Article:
The Internet Archive and 150 partnering libraries announced the launch of a traditional in-library lending model for a pooled collection of over 80,000 eBooks. Yesterday the pooled collection was released to the public — providing access through web browser and download technology. The full press release is available at the Internet Archive, clips from the post are below.
The new cooperative is hosted on OpenLibrary.org, a site where it’s already possible to read over 1 million eBooks without restriction. During a library visit, patrons with an OpenLibrary.org account can borrow any of these lendable eBooks using laptops, reading devices or library computers.
How it Works
Any OpenLibrary.org account holder can borrow up to 5 eBooks at a time, for up to 2 weeks. Books can only be borrowed by one person at a time. People can choose to borrow either an in-browser version (viewed using the Internet Archive’s BookReader web application), or a PDF or ePub version, managed by the free Adobe Digital Editions software. This new technology follows the lead of the Google eBookstore, which sells books from many publishers to be read using Google’s books-in-browsers technology. Readers can use laptops, library computers and tablet devices including the iPad. Continue reading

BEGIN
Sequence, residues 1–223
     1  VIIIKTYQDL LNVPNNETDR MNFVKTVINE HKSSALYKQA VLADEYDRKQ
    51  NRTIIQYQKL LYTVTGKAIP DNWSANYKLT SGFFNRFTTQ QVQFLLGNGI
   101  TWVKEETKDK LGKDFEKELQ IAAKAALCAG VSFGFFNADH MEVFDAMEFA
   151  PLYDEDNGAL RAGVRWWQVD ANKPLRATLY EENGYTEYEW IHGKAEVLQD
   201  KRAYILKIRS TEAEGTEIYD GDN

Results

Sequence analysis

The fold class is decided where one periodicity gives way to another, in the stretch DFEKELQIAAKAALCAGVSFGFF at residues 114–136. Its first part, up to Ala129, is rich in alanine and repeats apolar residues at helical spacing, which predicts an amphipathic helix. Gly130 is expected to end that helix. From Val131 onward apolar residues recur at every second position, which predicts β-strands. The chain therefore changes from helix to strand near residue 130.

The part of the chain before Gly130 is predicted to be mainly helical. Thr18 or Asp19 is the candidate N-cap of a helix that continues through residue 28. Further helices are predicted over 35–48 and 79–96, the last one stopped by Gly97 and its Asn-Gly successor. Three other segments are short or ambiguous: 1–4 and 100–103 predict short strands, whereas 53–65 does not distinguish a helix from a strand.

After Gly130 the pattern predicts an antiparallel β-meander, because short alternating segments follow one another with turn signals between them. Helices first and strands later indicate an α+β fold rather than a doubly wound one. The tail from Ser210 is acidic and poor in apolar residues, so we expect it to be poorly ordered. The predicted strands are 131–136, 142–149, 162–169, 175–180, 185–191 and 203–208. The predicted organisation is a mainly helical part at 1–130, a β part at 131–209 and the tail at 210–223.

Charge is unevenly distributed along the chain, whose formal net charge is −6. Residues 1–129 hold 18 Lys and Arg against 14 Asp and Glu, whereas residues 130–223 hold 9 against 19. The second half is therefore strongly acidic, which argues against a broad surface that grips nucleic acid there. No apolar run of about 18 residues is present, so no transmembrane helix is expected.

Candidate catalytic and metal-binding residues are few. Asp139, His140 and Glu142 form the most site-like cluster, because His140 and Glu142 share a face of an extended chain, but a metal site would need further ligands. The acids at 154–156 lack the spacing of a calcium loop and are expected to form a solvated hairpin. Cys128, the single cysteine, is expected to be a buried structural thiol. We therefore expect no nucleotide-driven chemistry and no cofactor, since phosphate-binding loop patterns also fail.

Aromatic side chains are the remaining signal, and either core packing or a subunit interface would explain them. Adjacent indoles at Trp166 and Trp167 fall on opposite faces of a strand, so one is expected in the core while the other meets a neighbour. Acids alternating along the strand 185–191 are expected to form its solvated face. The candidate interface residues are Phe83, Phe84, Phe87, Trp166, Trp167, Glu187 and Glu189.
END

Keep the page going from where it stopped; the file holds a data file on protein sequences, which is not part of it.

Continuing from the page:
Solving the Digital Loan Problem: Can Library Lending of eBooks be a Win-Win for Publishers and libraries?
Ruth Liebmann, Random House, Micah Bowers, BlueFire Reader, Katie Dunneback, Librarian and Consultant